I’m loving the beautiful ESA images of the Rosetta spacecraft – especially this ‘selfie’ with comet 67P/Churyumov–Gerasimenko behind. You can almost imagine you are there, peeping out of a little window and seeing the solar panels unfurled below. It’s as comforting as seeing the wing out of your aeroplane window.
This week (15 September) scientists announced their chosen landing site for the Philae lander: on the head of the comet not too far from where there are some jets of water vapour. So if the landing scheduled for November goes well, Philae is well-positioned for seeing some action as the comet comes closer to the sun and the jets become more active.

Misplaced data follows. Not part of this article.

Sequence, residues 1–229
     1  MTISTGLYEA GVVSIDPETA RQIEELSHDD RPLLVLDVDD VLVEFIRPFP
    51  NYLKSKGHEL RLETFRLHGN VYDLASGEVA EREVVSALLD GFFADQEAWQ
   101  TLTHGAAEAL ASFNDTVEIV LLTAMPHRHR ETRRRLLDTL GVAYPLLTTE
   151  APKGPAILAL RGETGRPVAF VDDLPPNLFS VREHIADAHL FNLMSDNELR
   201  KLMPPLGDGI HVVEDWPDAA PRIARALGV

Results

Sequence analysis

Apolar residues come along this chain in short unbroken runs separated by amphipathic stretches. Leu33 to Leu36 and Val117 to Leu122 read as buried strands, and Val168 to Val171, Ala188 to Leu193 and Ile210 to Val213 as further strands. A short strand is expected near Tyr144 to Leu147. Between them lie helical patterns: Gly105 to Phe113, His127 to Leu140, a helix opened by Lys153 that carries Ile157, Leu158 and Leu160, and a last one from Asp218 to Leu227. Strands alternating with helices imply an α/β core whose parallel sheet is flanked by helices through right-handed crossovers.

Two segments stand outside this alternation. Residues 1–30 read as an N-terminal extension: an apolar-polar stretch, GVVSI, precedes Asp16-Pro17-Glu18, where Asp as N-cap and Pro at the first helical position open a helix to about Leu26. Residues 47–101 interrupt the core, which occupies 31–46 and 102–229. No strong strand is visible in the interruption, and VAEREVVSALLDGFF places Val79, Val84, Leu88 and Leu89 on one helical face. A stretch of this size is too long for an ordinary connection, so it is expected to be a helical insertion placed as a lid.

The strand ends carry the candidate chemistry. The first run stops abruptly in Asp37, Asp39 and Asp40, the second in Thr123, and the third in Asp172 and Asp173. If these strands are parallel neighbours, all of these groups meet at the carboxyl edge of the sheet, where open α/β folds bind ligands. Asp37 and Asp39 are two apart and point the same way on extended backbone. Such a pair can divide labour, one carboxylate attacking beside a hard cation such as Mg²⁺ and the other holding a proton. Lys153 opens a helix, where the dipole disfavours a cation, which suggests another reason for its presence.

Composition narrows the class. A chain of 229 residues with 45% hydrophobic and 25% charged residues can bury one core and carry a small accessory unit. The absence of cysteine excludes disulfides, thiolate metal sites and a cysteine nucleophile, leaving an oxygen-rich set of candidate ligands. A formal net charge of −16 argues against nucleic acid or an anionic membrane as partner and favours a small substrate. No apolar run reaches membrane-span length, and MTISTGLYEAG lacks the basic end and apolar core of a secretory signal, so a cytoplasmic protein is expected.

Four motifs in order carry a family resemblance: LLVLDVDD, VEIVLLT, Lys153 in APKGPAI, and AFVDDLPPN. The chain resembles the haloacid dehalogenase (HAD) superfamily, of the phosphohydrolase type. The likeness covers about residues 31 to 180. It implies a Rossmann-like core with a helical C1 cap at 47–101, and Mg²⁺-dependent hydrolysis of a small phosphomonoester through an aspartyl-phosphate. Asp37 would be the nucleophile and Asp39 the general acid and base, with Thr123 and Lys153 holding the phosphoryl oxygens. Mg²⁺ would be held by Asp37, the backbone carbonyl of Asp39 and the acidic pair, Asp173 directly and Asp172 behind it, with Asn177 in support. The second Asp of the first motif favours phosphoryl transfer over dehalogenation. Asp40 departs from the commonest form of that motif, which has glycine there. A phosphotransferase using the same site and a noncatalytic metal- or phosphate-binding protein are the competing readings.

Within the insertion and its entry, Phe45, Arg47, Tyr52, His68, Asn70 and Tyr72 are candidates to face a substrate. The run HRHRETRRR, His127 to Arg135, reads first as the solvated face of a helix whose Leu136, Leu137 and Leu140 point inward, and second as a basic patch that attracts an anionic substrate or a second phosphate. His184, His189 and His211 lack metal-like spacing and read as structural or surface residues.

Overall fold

Unfortunately the landing site has slopes, ridges and boulders, but holds more promise than the other four provisional sites being analysed. Finding a suitable spot for landing is difficult because of the comet’s double-lobed shape. Scientists originally assumed the comet would be a simple, rounded shape like a potato, and even then the chances of a successful landing were estimated at between 70% and 75%. But we have the advantage that the 4 km comet’s gravity is very weak, and there is no atmosphere, so touchdown will happen at walking speed.